Housing in Israel

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Building homes in Tel Aviv, 1920-1930

Housing in Israel refers to the history of housing in Israel.

History[edit]

After the establishment of the State of Israel, hundreds of thousands of Jews from all over the world began immigrating to the new state. Many were housed in temporary camps known as ma'abarot, where they lived in huts, tents and packing crates until permanent housing could be built. In September 1948, the Ministry of Labor established a National Housing Department to supervise development on a nationwide scale. The Amidar housing company was founded that year and plans were drawn up for the construction of 16,000 housing units in and around the country's urban centers. The Absorption Department of the Jewish Agency imported 6,000 cabins from Sweden for temporary accommodation.[1]

In cities and development towns all over the country, rows of concrete tenements began to be hastily erected to address the severe housing shortage.[2] These government funded low-cost housing projects were known as shikunim. [3]

In the late 2000s and 2010, the real-estate prices in Israel appeared to be inflated compared to the long-term average, other developed economies, rents and average income. This real estate bubble was blamed on the country-wide housing shortage.[4][5] However, many economists and investors do not see it as a bubble.[6]

In response to the global economic recession in 2008, Israel's central bank governor, Stanley Fischer, lowered interest rates to an all-time low of 0.5%. That resulted in prices rising very fast in 2009, after rising steadily in the last decade.[7]

Most mortgages taken out in 2007–2009 were adjustable-rate mortgages pegged to the prime rate, which at the low was 1.75%.[8]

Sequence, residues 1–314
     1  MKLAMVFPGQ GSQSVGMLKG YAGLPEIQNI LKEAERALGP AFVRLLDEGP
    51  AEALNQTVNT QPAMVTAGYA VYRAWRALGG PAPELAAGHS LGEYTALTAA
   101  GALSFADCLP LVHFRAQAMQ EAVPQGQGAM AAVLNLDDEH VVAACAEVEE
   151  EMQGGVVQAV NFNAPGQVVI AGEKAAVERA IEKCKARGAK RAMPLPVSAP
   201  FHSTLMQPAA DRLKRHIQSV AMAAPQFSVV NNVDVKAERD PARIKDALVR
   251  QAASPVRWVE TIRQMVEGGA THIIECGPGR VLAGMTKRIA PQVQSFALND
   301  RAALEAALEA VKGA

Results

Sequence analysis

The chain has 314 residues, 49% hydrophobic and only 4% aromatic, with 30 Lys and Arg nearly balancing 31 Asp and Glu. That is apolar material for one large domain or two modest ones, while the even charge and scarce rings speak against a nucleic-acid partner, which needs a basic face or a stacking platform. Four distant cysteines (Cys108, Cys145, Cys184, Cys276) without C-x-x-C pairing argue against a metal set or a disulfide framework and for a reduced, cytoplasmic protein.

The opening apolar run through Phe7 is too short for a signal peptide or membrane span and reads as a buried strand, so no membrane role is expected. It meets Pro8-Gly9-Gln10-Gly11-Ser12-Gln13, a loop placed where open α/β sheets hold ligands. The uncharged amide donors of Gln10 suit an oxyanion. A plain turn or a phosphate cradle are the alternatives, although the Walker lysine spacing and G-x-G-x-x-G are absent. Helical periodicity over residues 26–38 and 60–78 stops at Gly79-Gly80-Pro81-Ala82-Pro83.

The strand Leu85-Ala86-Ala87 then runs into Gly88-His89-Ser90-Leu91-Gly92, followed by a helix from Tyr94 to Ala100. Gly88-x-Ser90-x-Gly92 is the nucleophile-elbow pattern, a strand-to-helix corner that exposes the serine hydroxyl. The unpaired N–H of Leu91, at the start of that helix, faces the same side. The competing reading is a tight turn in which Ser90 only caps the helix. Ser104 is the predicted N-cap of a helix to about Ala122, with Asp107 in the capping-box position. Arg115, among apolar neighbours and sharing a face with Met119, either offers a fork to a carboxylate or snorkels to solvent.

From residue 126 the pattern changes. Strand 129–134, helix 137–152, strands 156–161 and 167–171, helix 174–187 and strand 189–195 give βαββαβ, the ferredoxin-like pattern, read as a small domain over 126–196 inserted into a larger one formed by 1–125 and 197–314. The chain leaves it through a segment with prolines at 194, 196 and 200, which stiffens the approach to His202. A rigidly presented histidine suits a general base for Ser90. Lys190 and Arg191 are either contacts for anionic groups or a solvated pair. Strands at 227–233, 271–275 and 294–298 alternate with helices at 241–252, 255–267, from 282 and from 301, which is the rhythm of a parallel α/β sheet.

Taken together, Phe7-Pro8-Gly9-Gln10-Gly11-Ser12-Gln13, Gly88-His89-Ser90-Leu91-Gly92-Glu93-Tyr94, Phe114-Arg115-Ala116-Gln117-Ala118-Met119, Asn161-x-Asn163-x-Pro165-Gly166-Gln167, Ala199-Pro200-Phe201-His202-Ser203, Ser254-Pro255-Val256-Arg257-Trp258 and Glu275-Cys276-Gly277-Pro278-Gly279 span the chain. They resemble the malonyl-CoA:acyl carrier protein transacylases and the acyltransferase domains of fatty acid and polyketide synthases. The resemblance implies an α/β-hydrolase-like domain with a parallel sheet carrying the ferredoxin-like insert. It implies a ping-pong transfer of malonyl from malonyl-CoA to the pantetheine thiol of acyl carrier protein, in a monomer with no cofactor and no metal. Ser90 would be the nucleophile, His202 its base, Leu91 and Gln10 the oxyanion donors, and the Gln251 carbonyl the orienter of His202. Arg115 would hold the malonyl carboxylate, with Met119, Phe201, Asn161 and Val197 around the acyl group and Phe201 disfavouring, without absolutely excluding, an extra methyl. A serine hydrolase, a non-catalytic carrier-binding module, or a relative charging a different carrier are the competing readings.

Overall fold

Home ownership[edit]

In 2012, 67.9% of Israelis lived in homes that they owned and 26.9% in rented homes.[9]

See also[edit]

References[edit]

  1. ^ Immigrants in Turmoil: Mass Immigration to Israel and its Repercussions in the 1950s and After, Dvora Hacohen, Syracuse University Press, 2003, pp.130-131
  2. ^ Encyclopedia of Zionism and Israel, edited by Raphael Patai, Herzl Press, McGraw, New York, 1971 "Architecture and Town Planning in Israel," Vol. 1, pp. 71-76
  3. ^ Jerusalem Architecture since 1948
  4. ^ Yossi Nissan (11 April 2011). ""We are not solving the severe housing shortage."". Globes. Retrieved 2011-07-14. 
  5. ^ cabinet secretariat (19 June 2011). "Cabinet communique". Ministry of Foreign Affairs (Israel). Retrieved 2011-07-14. 
  6. ^ http://www.haaretz.com/hasen/spages/1126811.html
  7. ^ http://archive.globes.co.il/searchgl/Housing%20prices%20continue%20to%20rise_h_hd_2L34nE3KoCrmnC30mDJ8oE3OoBcXqRMm0.html
  8. ^ http://www.haaretz.com/hasen/spages/1102316.html
  9. ^ Tali Heruti-Sover (November 12, 2013). "Households in 2012: In Which City Do People Earn the Most?". TheMarker. Retrieved November 13, 2013. 

External links[edit]